Post by agustinfranco on Apr 12, 2007 4:15:23 GMT 7
I just got turned on by discussing some aspects of nep cultivation.
myth 1: Rajahs can live under most conditions but you must provide a temperature drop to at least 10-11 Celsius about 50F. Information is partly right, because your plant will still die if the day temperatures go above 27C during the day for several days in a row (at least 3-4 weeks). In other words, temperature drops are needed, but day temperatures must be controlled too for successful cultivation of this plant. Villosa is the same.
Information is partly right, because your plant will still die if the day temperatures go above 27C during the day for several days in a row (at least 3-4 weeks).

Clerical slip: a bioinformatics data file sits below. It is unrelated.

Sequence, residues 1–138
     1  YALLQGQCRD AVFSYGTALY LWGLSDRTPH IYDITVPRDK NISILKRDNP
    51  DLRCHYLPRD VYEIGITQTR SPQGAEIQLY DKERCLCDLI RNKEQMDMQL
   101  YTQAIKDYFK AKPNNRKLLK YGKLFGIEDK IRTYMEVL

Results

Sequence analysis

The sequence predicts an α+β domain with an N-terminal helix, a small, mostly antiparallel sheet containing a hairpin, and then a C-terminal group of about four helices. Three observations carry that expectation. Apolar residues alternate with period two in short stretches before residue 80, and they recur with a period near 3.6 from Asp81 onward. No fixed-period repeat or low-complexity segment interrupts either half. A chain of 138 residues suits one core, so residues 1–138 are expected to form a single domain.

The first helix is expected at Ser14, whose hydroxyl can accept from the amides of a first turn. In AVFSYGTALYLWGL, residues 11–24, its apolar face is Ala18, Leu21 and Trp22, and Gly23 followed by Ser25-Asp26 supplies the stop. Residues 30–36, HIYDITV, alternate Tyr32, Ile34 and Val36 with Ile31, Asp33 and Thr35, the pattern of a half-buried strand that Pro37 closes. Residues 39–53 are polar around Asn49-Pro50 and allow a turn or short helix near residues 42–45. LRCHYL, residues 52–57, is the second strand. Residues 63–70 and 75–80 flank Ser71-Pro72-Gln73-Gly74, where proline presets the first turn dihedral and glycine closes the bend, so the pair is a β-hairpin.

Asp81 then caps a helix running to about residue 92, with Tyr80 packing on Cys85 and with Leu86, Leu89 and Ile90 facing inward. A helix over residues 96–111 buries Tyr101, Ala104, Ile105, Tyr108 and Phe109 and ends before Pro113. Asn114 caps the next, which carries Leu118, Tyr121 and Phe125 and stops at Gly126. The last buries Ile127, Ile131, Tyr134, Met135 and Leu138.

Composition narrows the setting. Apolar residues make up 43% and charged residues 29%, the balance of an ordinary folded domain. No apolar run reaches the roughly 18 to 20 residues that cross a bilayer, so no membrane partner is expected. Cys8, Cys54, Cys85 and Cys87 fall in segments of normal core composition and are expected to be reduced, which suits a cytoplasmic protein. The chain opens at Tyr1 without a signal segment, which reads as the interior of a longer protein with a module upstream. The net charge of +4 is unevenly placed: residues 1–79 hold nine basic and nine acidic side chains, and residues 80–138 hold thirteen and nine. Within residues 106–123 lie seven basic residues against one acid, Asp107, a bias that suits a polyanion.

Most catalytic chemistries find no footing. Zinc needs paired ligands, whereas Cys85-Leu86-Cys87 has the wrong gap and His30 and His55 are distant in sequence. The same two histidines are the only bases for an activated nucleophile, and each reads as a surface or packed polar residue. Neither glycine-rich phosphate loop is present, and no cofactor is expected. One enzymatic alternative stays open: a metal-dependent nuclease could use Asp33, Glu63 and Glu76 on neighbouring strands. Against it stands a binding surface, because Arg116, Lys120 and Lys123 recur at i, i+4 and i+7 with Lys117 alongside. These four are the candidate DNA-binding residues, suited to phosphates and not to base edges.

Gus- Are you saying this part is a myth? Because it is. My largest rajah plant (nearly 3 feet dia.) routinely gets day temps of 28-31C spring through fall. In these temp ranges I keep the humidity around 85-95%. Night temps average 10-14C. N. rajah is very tolerant of temperature differentials provided the humidity is very high and all other componnents of culture are excellent.
Post by Rainforest Carnivores on Apr 12, 2007 5:09:53 GMT 7
I am not so sure about this as well. My rajahs are grown warm almost the year around. While pitchering well only during our coolest months, they don't die away. I have since moved many of my plants to areas where rainfall is greater than my area and they seem to be thriving better than at my place. So humidity and rain are pluses for growing this species successfully. Its interesting though that N. burbidgeae does surprisingly well for me as does the N. burbidgeae x edwardsiana.
Post by phissionkorps on Apr 12, 2007 11:01:09 GMT 7